Performance Reviews Fall Out of Favor

I think I learned about workplace reviews the hard way. Or maybe the wrong way. I never liked them. I never did them very well. I’m glad to see Time to Review Workplace Reviews on one of the New York Times blogs.

During my consulting days, when one of my favorite corporate clients, a high-level manager, paid me to help him write the memos he’d arm himself with before going through his semi-annual reviews. He really stressed over it. He’d spend weeks worrying about it, honing his memos listing his objectives and accomplishments. And he always got great reviews; he was a great manager.  His reviews did no good for him and no good for the company.

The Times story, posted by Tara Parker-Pope, quotes a clinical psychologist:

Annual reviews not only create a high level of stress for workers, he argues, but end up making everybody – bosses and subordinates – less effective at their jobs. He says reviews are so subjective – so dependent on the worker’s relationship with the boss – as to be meaningless. He says he has heard from countless workers who say their work life was ruined by an unfair review.

Later, as I was managing my company as it grew from zero to 40-some employees, the alleged need for reviews simply made me feel bad because I didn’t do them well or regularly. Some people wanted them and were disappointed. Others hated them. These were people I worked with, shoulder to shoulder, every day. I never figured out how to suddenly change personas and issue grades.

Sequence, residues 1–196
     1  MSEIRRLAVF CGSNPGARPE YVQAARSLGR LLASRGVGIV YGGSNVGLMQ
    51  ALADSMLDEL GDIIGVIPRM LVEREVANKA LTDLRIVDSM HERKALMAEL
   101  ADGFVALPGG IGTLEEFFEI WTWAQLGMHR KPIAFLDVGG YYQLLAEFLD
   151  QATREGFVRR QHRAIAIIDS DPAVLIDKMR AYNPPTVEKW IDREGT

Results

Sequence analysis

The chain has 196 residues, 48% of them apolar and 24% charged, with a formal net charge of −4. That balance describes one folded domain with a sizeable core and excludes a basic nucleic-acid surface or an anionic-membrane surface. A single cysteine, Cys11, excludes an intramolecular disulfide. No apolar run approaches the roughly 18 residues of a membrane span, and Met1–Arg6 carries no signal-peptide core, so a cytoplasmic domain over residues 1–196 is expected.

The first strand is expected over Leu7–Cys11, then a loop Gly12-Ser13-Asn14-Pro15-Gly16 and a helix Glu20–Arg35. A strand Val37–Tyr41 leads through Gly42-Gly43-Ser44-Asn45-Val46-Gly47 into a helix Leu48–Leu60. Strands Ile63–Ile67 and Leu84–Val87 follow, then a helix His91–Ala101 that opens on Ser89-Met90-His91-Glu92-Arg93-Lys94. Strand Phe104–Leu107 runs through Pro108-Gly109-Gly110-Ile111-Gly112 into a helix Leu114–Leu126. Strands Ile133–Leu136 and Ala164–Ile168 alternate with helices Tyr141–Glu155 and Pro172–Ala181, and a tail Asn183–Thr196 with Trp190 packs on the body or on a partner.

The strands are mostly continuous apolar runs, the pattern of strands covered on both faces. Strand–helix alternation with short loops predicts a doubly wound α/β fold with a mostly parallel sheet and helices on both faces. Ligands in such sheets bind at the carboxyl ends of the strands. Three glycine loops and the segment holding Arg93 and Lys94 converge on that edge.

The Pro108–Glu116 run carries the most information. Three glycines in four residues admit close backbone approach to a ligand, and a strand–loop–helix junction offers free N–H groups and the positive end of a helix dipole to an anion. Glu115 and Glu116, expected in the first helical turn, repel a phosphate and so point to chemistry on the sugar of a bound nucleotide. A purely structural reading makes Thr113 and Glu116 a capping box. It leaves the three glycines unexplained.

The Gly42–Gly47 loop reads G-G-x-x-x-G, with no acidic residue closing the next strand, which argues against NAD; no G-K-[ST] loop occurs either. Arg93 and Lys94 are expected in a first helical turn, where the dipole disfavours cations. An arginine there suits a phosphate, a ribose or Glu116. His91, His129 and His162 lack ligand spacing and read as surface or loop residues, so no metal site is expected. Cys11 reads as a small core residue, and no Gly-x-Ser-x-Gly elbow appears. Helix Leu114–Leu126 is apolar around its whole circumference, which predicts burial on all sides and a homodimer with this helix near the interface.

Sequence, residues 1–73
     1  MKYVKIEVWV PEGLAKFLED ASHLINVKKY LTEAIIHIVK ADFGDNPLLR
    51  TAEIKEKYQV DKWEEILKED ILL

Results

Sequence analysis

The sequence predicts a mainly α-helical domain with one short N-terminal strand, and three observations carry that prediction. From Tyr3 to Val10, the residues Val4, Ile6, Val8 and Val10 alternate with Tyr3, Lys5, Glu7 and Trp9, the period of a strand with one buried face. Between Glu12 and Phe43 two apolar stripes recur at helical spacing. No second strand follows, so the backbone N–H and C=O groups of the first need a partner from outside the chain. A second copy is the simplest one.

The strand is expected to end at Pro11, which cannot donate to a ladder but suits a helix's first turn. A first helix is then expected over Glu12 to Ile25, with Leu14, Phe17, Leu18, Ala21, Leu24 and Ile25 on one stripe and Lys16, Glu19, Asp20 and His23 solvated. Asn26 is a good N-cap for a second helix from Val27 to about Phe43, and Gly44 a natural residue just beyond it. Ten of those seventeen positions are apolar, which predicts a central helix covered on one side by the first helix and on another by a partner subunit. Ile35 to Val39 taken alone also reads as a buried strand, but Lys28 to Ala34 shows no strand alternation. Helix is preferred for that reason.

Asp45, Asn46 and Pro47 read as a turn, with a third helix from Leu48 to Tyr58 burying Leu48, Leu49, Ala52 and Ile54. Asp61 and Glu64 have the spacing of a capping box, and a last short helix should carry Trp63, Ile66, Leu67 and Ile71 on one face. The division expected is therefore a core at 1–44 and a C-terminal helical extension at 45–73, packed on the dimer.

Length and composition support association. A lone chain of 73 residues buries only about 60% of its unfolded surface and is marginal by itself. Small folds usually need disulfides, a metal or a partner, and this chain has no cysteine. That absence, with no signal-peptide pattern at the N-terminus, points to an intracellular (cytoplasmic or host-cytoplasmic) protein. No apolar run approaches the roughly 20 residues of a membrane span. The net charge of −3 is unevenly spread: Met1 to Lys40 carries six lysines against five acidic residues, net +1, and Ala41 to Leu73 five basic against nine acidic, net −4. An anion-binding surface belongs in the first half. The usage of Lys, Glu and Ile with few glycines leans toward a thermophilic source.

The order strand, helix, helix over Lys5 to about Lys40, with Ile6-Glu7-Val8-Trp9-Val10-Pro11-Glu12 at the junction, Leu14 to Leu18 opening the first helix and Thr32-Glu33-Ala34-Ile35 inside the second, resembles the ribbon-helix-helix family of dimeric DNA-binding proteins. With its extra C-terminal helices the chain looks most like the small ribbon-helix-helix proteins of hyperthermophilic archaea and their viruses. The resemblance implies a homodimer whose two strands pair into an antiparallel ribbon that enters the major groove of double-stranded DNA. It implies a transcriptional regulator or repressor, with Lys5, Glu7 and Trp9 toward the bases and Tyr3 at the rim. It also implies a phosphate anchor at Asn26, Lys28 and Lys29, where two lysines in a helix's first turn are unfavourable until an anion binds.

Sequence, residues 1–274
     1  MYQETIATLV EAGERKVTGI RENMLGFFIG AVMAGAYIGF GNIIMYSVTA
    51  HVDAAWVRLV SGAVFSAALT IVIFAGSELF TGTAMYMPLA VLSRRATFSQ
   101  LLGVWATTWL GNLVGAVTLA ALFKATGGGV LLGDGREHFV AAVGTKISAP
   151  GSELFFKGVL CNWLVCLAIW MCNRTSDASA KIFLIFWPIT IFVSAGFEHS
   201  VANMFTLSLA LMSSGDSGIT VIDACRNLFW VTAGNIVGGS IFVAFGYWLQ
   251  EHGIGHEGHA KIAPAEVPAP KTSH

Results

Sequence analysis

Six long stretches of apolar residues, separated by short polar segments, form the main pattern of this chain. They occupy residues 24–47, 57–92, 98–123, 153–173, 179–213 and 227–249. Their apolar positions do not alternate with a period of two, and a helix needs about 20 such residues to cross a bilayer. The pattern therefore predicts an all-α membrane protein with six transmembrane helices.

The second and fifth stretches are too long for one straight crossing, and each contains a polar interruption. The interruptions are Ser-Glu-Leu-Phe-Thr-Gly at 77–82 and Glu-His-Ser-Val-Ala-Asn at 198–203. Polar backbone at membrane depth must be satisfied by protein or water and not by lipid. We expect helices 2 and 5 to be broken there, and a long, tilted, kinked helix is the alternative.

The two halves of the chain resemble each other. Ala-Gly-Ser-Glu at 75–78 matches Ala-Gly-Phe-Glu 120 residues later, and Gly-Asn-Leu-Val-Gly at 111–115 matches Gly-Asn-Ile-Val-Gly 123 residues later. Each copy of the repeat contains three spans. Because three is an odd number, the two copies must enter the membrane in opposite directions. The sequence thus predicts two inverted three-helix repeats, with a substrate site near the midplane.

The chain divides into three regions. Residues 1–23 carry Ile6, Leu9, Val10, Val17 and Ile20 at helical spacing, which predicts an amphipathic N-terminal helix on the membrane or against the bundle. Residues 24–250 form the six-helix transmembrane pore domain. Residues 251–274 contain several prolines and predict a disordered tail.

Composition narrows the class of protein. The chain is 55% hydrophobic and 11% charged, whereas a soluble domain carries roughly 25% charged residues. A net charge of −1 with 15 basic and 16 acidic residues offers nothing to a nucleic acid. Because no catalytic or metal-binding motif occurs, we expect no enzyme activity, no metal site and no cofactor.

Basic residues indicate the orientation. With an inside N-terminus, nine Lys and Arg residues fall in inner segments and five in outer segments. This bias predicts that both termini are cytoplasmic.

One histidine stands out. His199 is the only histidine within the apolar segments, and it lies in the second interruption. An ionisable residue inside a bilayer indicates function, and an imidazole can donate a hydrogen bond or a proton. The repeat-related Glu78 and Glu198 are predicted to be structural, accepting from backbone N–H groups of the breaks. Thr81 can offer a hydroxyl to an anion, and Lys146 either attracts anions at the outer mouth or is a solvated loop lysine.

And there was that one horrible time that we tried what they call a 360 performance review system. That’s where everybody sort of reviews everybody else. Anonymously. That was awful. Try morphing a teenage popularity contest with anonymous poison pen comments and see what that does to your office politics.

So what works?

I’ve seen objective metrics, like sales, costs, expenses, calls, subscriptions, downloads, visits, page views, minutes per call, or unique visitors work pretty well, especially when they’re part of a regular planning process. I still remember how well the metrics worked in my first job, as an editor for United Press International, when they gave us scores for how many  newspapers used our stories instead of Associated Press.

I’ve seen ad-hoc instant feedback, especially the surprise bonus, quick and unexpected, work well. That was a great call, you handled that well, here’s a signed piece of paper, take somebody you like out to a nice dinner on us; that works. I’ve seen plaques (“on time and on budget”) and peer applause work.

I’ve seen a long-term management style of letting people own their jobs and their performance, without interference, work for a while, for some people.

After more than 20 years of running my own business, I still say one of the hardest things to do is good honest negative feedback. You’re supposed to give people both positive and negative, depending on their performance. Everybody sort of knows that. But it’s hard to do it in practice.


Tim Berry Tim Berry is Founder and Chairman of Palo Alto Software, Founder of Bplans, Co-Founder of Borland International, Stanford MBA, and co-founder of Have Presence. He is the author of several books and thousands of articles on business planning, small business, social media and startup business.

14 Reactions